This time last year, as they were preparing to defend their Super Bowl title, Doug Pederson’s offense was limping through training camp with two key players — quarterback Carson Wentz and receiver Alshon Jeffery— missing considerable practice time.
The result was a slow start to the season. The offense scored 21-or-fewer points in four of their first five games, and fewer than 24 points in seven of their first eight games. In a league built for the offense to succeed, Pederson’s unit couldn’t get the job done early on.
“We weren't 100 percent full strength going into the regular season,” Pederson would later say when discussing the 2018 season. "We started (without) some of our role players, some of our backup guys and you know, it's was just hard to really get off on the right foot I think early in the season.”
Saving their season, and keeping their playoff chances alive early on, was the defense. Defensive coordinator Jim Schwartz’s unit allowed 21-or-fewer points in five of the first eight games. It was the defense that carried the way in three of their first four wins, allowing fewer than 20 points in each. That isn’t to say the defense was perfect, but it wasn’t until Week 12 that the offense truly got in a rhythm and carried the team the rest of the way, ultimately into the second round of the playoffs.
Things have been reversed this year in training camp.
The Eagles are now close to three weeks into their 2019 training camp and the defense is still going to work each day without most of their key players. Defensive tackle Fletcher Cox, cornerback Ronald Darby, linebacker Nigel Bradham and cornerback Jalen Mills are still not taking part in any team drills. Safety Rodney McLeod and defensive end Derek Barnett have been extremely limited for the majority of camp. Linebacker Kamu Grugier-Hill and cornerback Cre’von LeBlanc have both suffered injuries in camp that will keep them sidelined into the regular season.
Add everyone up and the defense has been practicing without eight key players, seven of which were expected to start — a whopping 64% of the projected starting lineup. When you consider some of the quarterbacks the Eagles face early on next season — Matt Ryan, Aaron Rodgers, Matthew Stafford, Kirk Cousins and Dak Prescott — the idea of the defense getting off to a slow start like the offense did last season isn’t just a possibility, it might be likely.
If they do, it will be the offense’s turn to repay the favor the defense did for them for at the beginning of last season. The question is whether quarterback Carson Wentz and the offense will be able to win shootout games where the defense can’t get a stop.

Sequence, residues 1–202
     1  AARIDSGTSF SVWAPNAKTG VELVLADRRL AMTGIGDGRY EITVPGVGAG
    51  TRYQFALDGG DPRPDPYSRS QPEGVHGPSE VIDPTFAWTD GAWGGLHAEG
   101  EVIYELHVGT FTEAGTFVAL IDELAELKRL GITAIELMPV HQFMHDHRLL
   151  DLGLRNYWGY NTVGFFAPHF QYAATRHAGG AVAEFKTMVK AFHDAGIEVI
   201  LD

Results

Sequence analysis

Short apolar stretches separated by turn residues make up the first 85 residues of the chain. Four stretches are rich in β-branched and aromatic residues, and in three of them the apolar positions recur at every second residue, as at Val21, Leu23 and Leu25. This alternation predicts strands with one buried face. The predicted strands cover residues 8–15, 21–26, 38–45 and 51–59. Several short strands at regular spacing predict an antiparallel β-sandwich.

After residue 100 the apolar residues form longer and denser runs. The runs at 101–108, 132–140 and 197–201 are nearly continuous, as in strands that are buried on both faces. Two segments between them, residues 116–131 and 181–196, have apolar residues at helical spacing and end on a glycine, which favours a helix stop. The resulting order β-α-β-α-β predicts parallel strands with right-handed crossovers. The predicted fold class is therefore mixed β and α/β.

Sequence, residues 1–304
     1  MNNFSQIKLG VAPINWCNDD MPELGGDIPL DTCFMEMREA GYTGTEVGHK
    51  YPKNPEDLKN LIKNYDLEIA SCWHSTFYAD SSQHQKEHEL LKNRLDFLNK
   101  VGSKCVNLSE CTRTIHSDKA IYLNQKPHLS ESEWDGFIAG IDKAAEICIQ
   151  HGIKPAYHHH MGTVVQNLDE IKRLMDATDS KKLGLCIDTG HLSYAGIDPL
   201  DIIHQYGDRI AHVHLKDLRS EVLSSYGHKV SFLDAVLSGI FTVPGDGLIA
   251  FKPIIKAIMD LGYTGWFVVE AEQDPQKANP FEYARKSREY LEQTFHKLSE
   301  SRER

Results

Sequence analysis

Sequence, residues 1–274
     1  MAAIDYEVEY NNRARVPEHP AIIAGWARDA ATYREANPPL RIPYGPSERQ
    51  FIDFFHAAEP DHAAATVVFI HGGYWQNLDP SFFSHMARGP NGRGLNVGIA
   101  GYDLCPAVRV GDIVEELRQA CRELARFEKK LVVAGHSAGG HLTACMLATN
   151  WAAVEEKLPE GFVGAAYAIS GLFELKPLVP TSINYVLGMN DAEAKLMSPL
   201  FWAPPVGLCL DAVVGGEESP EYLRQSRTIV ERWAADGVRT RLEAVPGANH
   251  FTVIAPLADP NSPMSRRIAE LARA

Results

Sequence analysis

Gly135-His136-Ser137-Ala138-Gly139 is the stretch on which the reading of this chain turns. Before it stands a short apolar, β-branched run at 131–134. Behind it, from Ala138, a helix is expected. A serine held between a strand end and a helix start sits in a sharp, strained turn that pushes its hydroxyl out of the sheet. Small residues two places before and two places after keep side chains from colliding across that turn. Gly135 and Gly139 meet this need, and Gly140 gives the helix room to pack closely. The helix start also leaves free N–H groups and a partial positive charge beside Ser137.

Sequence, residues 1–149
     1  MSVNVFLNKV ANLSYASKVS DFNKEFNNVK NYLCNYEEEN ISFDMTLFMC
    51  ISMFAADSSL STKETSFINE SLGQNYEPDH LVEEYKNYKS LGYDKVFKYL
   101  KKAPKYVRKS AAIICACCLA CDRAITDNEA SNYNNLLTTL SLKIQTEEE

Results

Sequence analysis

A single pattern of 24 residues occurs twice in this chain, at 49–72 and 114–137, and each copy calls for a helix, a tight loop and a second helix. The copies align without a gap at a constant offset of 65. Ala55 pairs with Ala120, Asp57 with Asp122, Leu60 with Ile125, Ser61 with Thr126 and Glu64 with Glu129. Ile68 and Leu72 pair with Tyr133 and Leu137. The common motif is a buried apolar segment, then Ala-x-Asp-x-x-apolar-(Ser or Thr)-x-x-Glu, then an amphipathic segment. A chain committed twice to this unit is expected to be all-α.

So far in his career, Wentz is 6-17 in games when the defense has allowed even just 20 or more points. He is 0-13 when the defense has given up 25 points or more. He has never started, finished and won a game when the defense has allowed over 30 points (0-2).
To put Wentz’s struggles in context, Los Angeles Rams quarterback Jared Goff has won seven games where the defense has allowed at least 30 points. Goff is 8-4 the last two seasons when the defense has given up 25-or-more points. Kansas City Chiefs quarterback was 4-4 last season when the defense gave up over 25 points, 7-4 when they gave up over 20 points and 2-3 when tasked with winning a game where the defense allowed 30 points or more.
In a league where offense wins, and the elite quarterbacks lead the way for those offenses, Wentz does not have an especially long track record of carrying his team when the defense is struggling.
One key for the Eagles’ offense will be starting quick. Last season the offense didn’t only not support the defense on the scoreboard, but they consistently put them in bad spots. Last season the Eagles’ offense averaged just 3.2 points in the first quarter, which was good 31st in NFL. Schwartz’s defense is built to play with a lead, something the Eagles didn’t give them very often last season.
Entering the new season, Wentz and the offense are not only set up for success, but they should be able to cary this team. The offense is healthy, it is loaded with perhaps the best skill players in the NFL and will have a full training camp to prepare. Struggles like last season, when they consistently looked lost at the beginning of games and couldn’t put points on the board, won’t be acceptable.
Especially when this time around, there is a chance a severely injured defense won’t be around to keep them in games.